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Atmospheric Chemistry and Physics An interactive open-access journal of the European Geosciences Union
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Volume 16, issue 12 | Copyright
Atmos. Chem. Phys., 16, 7725-7741, 2016
https://doi.org/10.5194/acp-16-7725-2016
© Author(s) 2016. This work is distributed under
the Creative Commons Attribution 3.0 License.

Research article 24 Jun 2016

Research article | 24 Jun 2016

Understanding isoprene photooxidation using observations and modeling over a subtropical forest in the southeastern US

Luping Su1, Edward G. Patton2, Jordi Vilà-Guerau de Arellano3, Alex B. Guenther4, Lisa Kaser5, Bin Yuan6,7, Fulizi Xiong8, Paul B. Shepson8,9, Li Zhang10, David O. Miller10, William H. Brune10, Karsten Baumann11, Eric Edgerton11, Andrew Weinheimer5, Pawel K. Misztal12, Jeong-Hoo Park13, Allen H. Goldstein12,14, Kate M. Skog15, Frank N. Keutsch16,17, and John E. Mak1 Luping Su et al.
  • 1School of Marine and Atmospheric Sciences, Stony Brook University, Stony Brook, NY, USA
  • 2Mesoscale and Microscale Meteorology Laboratory, National Center for Atmospheric Research, Boulder, CO, USA
  • 3Meteorology and Air Quality Section, Wageningen University and Research Centre, Wageningen, the Netherlands
  • 4Department of Earth System Science, University of California, Irvine, CA, USA
  • 5Atmospheric Chemistry Observations & Modeling Laboratory, National Center for Atmospheric Research, Boulder, CO, USA
  • 6Earth System Research Laboratory, Chemical Sciences Division, National Oceanic and Atmospheric Administration, Boulder, CO, USA
  • 7Cooperative Institute for Research in Environmental Sciences, University of Colorado, Boulder, CO, USA
  • 8Department of Chemistry, Purdue University, West Lafayette, IN, USA
  • 9Department of Earth, Atmospheric and Planetary Sciences, Purdue University, West Lafayette, IN, USA
  • 10Department of Meteorology, Pennsylvania State University, University Park, PA, USA
  • 11Atmospheric Research and Analysis Inc., Cary, NC, USA
  • 12Department of Environmental Science, Policy, & Management, University of California at Berkeley, Berkeley, CA, USA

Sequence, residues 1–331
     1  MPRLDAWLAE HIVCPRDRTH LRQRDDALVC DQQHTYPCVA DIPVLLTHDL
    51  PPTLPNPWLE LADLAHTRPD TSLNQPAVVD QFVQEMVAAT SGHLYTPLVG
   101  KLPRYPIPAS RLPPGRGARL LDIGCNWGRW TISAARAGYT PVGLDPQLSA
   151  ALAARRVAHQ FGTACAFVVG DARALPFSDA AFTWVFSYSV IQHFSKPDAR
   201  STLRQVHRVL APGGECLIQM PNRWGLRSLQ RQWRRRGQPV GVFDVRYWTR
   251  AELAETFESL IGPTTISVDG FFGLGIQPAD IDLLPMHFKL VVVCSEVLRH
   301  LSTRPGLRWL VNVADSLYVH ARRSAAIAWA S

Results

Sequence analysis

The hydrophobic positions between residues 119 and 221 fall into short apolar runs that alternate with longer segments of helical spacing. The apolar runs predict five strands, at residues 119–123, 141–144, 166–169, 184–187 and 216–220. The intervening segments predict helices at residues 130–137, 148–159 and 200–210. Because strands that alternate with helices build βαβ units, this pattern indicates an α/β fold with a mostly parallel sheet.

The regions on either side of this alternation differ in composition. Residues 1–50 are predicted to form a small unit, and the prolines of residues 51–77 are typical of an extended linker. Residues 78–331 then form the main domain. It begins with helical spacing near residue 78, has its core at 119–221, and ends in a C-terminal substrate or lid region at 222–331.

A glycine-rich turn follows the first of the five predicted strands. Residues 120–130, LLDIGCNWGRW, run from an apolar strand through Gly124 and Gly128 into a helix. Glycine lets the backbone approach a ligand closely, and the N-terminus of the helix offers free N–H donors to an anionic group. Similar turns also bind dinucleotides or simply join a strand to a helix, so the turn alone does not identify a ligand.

• 13Climate and Air Quality Research Department, National Institute of Environmental Research, Incheon, Republic of Korea
  • 14Department of Civil and Environmental Engineering, University of California at Berkeley, Berkeley, CA, USA
  • 15Department of Chemistry, University of Wisconsin, Madison, WI, USA
  • 16School of Engineering and Applied Sciences, Harvard University, Cambridge, MA, USA
  • 17Department of Chemistry and Chemical Biology, Harvard University, Cambridge, MA, USA

Abstract. The emission, dispersion, and photochemistry of isoprene (C5H8) and related chemical species in the convective boundary layer (CBL) during sunlit daytime were studied over a mixed forest in the southeastern United States by combining ground-based and aircraft observations. Fluxes of isoprene and monoterpenes were quantified at the top of the forest canopy using a high-resolution proton transfer reaction time-of-flight mass spectrometer (PTR-TOF-MS). Snapshot (∼ 2min sampling duration) vertical profiles of isoprene, methyl vinyl ketone (MVK)+methacrolein (MACR), and monoterpenes were collected from aircraft every hour in the CBL (100–1000m). Both ground-based and airborne collected volatile organic compound (VOC) data are used to constrain the initial conditions of a mixed-layer chemistry model (MXLCH), which is applied to examine the chemical evolution of the O3–NOx–HOx–VOC system and how it is affected by boundary layer dynamics in the CBL. The chemical loss rate of isoprene (∼ 1h) is similar to the turbulent mixing timescale (0.1–0.5h), which indicates that isoprene concentrations are equally dependent on both photooxidation and boundary layer dynamics. Analysis of a model-derived concentration budget suggests that diurnal evolution of isoprene inside the CBL is mainly controlled by surface emissions and chemical loss; the diurnal evolution of O3 is dominated by entrainment. The NO to HO2 ratio (NO:HO2) is used as an indicator of anthropogenic impact on the CBL chemical composition and spans a wide range (1–163). The fate of hydroxyl-substituted isoprene peroxyl radical (HOC5H8OO·; ISOPOO) is strongly affected by NO:HO2, shifting from NO-dominant to NO–HO2-balanced conditions from early morning to noontime. This chemical regime change is reflected in the diurnal evolution of isoprene hydroxynitrates (ISOPN) and isoprene hydroxy hydroperoxides (ISOPOOH).

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